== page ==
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Ichikawa Ebizo IX's Grand Japan Theater:
Kyogen: “Sanbanso,” Noh: “Tsuchigumo” (The Earth Spider) and Kabuki: “Shunkyo Kagamijishi”
Isaac Stern Auditorium, Carnegie Hall, 881 Seventh Avenue, New York, NY
Concept and direction: Ichikawa Ebizo
Choreography (for “Shunkyo Kagamijishi”): Fujima Kanjuro
March 1, 2016
Reviewed by Mindy Aloff
A view of the Carnegie Hall stage arranged for the Kabuki spectacle, the unit set of screens with painted pine trees at the east and west edgesand a special stage layer in place for Kabuki.
In June of 1879, just a quarter century after Commodore Perry had“opened” the country to uncontrolled trade with the West, General (andformer U.S. President) Ulysses S. Grant, with Mrs. Grant, entered Japan.They were two years into a world tour, which encompassed the Middle andFar East. During their two-month Japanese stay, one Lord Iwakura Tomomi, a highly placed minister and patron of Noh theater, invited theGrants—along with members of Japan's Imperial family—to dinner and, asafter-dinner entertainment, presented several performances of Noh andKyogen plays and dances: The Grant party is generally considered to be the first known group of Americans to have glimpsed examples of either theatrical form. According to Japanese accounts, the General was deeply moved by the program, which consisted of some ten plays and dances, and he advised Lord Iwakura to maintain the ancient, inherited repertory—whose glory days had been contemporary with the careers of Chaucer and Leonardo da Vinci—with great care, as the nuanced performance traditions could easily erode. Lord Iwakawa, encouraged by this vote of confidence for the object of his own passion from such a prestigious Westerner, initiated tremendous support for the Noh theater, and this is why General Grant is counted by some Noh historians as “among the benefactors of the restoration of Noh in the Meiji era.” (www.the-noh.com)
Kyogen actor Shigeyama Ippei, as the character Sanbaso, transformed by a mask into an old man with a black face (Kokushikijo) in the satirical skit "Sanbaso." He performs a ceremonial fertility dance for a good harvest with, in his right hand, a cluster of small bells (suzu), symbolic of rice, which he shakes as if sowing seeds.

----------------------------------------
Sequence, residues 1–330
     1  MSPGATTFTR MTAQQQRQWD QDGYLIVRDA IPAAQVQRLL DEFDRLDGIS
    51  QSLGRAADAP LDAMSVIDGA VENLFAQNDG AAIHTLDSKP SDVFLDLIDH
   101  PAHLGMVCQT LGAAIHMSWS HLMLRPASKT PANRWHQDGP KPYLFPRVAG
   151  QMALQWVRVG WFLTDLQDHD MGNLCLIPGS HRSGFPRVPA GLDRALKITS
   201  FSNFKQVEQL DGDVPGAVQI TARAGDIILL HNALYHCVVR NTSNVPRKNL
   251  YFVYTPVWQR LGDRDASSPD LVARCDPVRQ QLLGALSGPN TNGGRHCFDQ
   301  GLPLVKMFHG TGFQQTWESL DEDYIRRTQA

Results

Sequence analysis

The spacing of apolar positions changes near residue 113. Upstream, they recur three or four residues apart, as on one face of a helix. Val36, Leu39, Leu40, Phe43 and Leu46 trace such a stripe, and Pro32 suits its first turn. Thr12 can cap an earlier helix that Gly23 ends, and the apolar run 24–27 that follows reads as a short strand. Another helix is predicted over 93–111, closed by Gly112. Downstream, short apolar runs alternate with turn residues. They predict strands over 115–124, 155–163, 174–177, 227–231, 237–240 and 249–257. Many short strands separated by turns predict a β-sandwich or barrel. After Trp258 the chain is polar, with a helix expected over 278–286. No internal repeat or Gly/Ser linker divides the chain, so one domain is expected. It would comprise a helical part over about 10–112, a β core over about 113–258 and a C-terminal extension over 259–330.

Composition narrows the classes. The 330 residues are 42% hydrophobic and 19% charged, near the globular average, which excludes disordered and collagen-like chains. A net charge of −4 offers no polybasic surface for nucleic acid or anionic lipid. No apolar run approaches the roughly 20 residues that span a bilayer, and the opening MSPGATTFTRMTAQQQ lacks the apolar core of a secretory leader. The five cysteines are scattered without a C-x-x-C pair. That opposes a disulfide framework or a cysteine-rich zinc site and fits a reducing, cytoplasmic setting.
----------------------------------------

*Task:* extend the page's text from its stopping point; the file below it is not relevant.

Among the plays to which the Grants were treated by Lord Iwakura and his Noh actors and dancers was “Tsuchigumo” (The Earth Spider), an anonymous play, of comparatively recent vintage, which is thought to be based on a chapter of the 13th- or early-14th-century epic about a war between two clans for control of Japan. “Tsuchigumo” is known especially for its spectacular moments when the Spider or Spider Spirit (sometimes transformed, sometimes candidly itself) attempts to best the Loyal Retainer by slinging spray after spray of white webbing, which erupts from the actor's wrist or hand with the specifically weighted look of chrysanthemum fireworks pouring down the night sky. (Sixty years ago, Jerome Robbins insisted on holding up production of the film of “The King and I,” for which he was the choreographer and, to some extent, the director, so that these theatrical webs, with their particular weights at the end, could be shipped from Japan for his ballet “The Small House of Uncle Thomas.”)
From the spectacular Noh play "Tsuchigumo" (The Earth Spider). Nohactor Katayama Karouemon, as the fiercely red-headed Spider, flings a blizzard of webbing in a (futile) attempt to triumph over Yorimitsue (Noh actor Umewaka Kisho), a retainer with "the strength of 1,000 men" and a spider-slashing sword named Hizamaru.
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